|Production threat||Environmental threat||Public threat|
Australian sedge is a densely tufted, deep-rooted, perennial plant which can grow almost 1m tall. Unlike most sedges, which prefer swampy areas, Australian sedge grows in land which is seasonably dry. Larger infestations are eye-catching as they form a large dense colony. Australian sedge is distinguished in New Zealand by its distinctive flower/seed head.
Australian sedge forms dense tussock infestations 30-90cm high in pasture areas. It is unpalatable to stock and reduces farm production by crowding out pasture. In open grassland areas, Australian sedge is also a threat to native species as it competes with seedlings.
It establishes and spreads most rapidly on disturbed and exposed soil where pasture doesn’t thrive due to low soil fertility, drought, overgrazing or insect damage.
Australian sedge produces many seeds, which remain viable for three to five years. Once established, it can spread rapidly throughout the farm via livestock. The seed is quite heavy and most falls within 30cm of the plant. This creates an ever-increasing ‘mattress’ of Australian sedge.
All landowners/occupiers in the Waikato, on complaint from an adjoining neighbour, are responsible for controlling Australian sedge within 20m of their property boundaries and are required to work with Waikato Regional Council in areas where control programmes are in place. Australian sedge is also banned from being sold, propagated, distributed or included in commercial displays.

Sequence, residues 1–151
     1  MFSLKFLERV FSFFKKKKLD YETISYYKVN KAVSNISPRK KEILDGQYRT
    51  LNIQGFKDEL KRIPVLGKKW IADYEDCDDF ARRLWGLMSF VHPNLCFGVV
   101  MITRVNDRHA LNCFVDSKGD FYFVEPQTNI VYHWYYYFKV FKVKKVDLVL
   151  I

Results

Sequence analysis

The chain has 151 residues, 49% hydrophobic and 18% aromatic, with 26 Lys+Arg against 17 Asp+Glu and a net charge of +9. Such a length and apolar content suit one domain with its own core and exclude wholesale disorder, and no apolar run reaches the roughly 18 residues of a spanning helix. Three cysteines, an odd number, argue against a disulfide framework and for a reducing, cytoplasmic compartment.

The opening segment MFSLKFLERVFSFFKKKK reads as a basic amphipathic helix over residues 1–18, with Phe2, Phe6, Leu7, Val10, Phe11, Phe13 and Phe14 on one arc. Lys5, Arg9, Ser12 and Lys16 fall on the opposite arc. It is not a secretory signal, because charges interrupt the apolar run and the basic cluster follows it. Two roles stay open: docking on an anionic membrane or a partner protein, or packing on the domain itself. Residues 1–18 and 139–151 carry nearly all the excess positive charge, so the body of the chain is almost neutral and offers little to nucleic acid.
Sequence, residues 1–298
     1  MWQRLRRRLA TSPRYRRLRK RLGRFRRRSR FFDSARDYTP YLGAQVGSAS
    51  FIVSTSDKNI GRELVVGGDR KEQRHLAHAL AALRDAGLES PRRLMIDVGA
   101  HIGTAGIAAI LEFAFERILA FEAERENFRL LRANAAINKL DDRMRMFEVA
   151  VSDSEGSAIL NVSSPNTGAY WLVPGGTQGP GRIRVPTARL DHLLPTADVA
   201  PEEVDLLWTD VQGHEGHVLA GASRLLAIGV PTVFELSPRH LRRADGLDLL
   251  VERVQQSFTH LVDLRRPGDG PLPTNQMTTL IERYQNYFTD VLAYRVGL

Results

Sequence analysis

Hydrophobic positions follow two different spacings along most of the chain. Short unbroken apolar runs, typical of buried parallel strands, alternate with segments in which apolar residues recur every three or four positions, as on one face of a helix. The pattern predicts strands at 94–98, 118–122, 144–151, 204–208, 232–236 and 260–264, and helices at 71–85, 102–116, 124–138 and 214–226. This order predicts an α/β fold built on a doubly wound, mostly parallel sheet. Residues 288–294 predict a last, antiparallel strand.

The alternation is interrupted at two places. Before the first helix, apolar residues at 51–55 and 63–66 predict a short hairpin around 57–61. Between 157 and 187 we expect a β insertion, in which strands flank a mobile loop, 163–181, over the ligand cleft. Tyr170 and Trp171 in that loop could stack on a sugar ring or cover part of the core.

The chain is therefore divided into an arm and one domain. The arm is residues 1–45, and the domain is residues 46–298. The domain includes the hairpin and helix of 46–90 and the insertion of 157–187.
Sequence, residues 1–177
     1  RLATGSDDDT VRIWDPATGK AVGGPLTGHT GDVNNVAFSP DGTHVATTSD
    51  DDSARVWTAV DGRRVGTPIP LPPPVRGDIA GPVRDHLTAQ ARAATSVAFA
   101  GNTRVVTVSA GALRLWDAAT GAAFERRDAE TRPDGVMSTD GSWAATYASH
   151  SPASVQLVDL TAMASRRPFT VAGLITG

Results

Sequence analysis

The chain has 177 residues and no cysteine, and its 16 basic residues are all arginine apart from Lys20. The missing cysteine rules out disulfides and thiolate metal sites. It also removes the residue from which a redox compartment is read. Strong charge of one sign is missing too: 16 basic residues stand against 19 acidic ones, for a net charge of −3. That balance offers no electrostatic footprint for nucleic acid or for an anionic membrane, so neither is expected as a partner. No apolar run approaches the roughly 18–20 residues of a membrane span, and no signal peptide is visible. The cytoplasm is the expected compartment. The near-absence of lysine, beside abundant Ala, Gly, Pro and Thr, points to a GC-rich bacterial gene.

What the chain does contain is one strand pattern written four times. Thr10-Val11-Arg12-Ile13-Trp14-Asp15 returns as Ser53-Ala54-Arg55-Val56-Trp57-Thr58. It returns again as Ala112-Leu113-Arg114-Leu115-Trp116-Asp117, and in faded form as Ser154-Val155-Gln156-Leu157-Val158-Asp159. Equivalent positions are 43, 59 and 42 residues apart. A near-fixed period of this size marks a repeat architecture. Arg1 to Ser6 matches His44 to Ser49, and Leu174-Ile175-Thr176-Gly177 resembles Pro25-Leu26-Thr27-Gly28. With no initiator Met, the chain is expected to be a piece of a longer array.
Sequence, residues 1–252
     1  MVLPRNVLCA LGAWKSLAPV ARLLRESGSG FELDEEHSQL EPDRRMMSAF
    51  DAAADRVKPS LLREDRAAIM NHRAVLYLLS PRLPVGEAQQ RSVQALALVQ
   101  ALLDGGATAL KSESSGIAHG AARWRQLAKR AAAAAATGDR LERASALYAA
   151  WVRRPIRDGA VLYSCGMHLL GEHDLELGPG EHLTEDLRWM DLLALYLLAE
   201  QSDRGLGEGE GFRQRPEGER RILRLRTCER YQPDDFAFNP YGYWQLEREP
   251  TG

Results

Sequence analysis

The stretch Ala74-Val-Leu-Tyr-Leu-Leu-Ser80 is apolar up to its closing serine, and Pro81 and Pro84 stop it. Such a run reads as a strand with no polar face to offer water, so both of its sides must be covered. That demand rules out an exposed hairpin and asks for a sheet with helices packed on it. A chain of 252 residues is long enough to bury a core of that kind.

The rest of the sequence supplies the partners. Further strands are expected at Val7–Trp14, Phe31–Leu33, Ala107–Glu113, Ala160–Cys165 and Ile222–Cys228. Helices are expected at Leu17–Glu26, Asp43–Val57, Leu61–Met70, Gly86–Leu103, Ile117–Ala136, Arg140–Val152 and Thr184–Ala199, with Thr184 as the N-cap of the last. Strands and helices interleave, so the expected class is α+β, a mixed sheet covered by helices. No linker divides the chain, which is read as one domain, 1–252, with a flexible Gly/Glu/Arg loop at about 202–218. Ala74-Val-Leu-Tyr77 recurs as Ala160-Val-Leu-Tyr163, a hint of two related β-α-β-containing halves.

Grubbing should only be used to deal with scattered isolated plants. It is a costly and ineffective method of control for large infestations. Breaking up the plant encourages seeds to germinate and the ground becomes reinfested. Australian sedge will regenerate from fragments, so all root stock must be collected and disposed of. It is necessary to recheck the site regularly for seedlings and regrowth.
Glyphosate is an effective herbicide against Australian sedge. The area should be checked and resprayed each year to kill new seedlings and regrowth. The optimum time for spraying is November through to March. The best protection against reinfestation from seed still in the soil is a dense pasture cover.
|Herbicide rules will apply. You may need to notify neighbours if spraying. The Waikato Regional Plan explains the agrichemical (herbicides) use rule in section 6.2 in the Waikato Regional Plan.|
After initial control, it’s important to: